Robert Williams returned from the Marine Corp to Monroe, NC, in 1955. He contacted an old friend who found him work as a security guard in a textile factory. Now that he secured a job to feed his family, he needed to find some way to help the larger black community.

The local NAACP was in dire straights. The members were harassed and even fired from their jobs. The conservatives of the time sold most of the Whites that communists ran the NAACP. The Southern states outlawed the organization in many areas. The persecution dropped participation to 6 people in 1953.

In 1947, Robert Williams was part of a defense of a funeral home. The Ku Klux Klan attacked the funeral home to steal a Black man’s body that killed a White man in a fight. Those that helped defend the body were among Williams first recruits.

Dr. Albert Perry was not in the 1947 defense force. However, he would prove to be an integral part of the Monroe NAACP. A former soldier like Williams, Perry became a doctor after serving in the military. He was currently working in a local hospital. Dr. Perry became the President of the chapter and essential to Williams political development.

The local pool hall became a rich environment for new members. Traditionally, NAACP members were the elite of black society. But, most of the Black elite in Monroe were unwilling to lose their job for joining the group. Many of the Blacks in the pool room didn’t even think they would be welcome in the NAACP ranks. Once they found out, they could join, they did. The membership swelled to 121 by 1959.

The need to be armed was more than apparent to Williams. He decided to also start a chapter of the National Rifle Association (NRA). Having an NRA charter would allow them to have a stockpile of weapons and legal rights to target practice. The first year Williams attracted 60 members.

The first major action of the Monroe NAACP was in response to the drowning of two black children in a lake in 1957. Black children had to swim in lakes and creeks because no Monroe pool allowed Blacks to swim. The NAACP first petitioned the government for a separate pool. They were told the town did not have enough money for a second pool. The NAACP then asked for the pool to be set aside one day a week for Blacks to swim. The council refused even one day a week because emptying and filling the pool was too costly. Williams replied that segregation is a luxury Monroe cannot afford.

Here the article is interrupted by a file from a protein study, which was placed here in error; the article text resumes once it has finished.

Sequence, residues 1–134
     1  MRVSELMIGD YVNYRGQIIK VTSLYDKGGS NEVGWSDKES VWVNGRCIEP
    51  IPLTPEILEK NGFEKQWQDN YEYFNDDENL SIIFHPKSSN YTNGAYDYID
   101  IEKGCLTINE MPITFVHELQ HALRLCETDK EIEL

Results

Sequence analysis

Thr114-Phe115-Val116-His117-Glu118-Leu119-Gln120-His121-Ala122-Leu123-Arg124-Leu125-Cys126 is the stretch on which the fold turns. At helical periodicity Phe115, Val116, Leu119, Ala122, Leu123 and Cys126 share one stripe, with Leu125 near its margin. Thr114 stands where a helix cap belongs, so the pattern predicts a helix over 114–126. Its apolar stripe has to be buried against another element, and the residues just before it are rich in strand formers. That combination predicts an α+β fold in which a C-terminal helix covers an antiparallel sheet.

The first protest consisted of 8 people that stood at the gate. Conservatives responded by circulating a petition to kick Dr. Perry and Robert Williams out of Monroe. KKK held rallies to muster support for the segregated pool. Both Robert Williams and Dr. Perry received anonymous death threats.

On October 5, 1957, the KKK assembled a motorcade to ride to Dr. Perry’s home. This KKK motorcade included two cop cars. They began wildly shooting at his house to intimidate him. Robert Williams was prepared and had the house barricaded. The members of the Monroe NAACP fired back at the Klansmen causing them to flee into the night. The city council banned KKK motorcades the next day.

Because the racists were not able to kill Dr. Perry, they decided to kill his reputation with trumped-up charges. Later that month, Dr. Perry was arrested for performing an abortion on a White woman. Abortions were illegal, no matter the race of a doctor or patient. Still, the headline in the newspaper read “criminal abortion on a white woman.” Dr. Perry admitted the woman had asked him to perform the abortion, but he refused. Also, the Dr. Perry was Catholic, so he did not believe in any form of birth control. Perry was jailed by Monroe police.

To free the President of the NAACP, Robert Williams led a mass demonstration at the courthouse. Many of the protesters came armed with firearms and knives. Dr. Perry was released when a white benefactor paid the $7,000 bond. Again the armed NAACP came to the rescue.

The trial for Dr. Perry came almost a year after his arrest. It was appealed, but on October 21, 1958, Dr. Perry was sentenced to five years in prison. He will be released in a little over a year. However, he would not regain his license to practice medicine. Dr. Perry lost his profession to further the cause of freedom.

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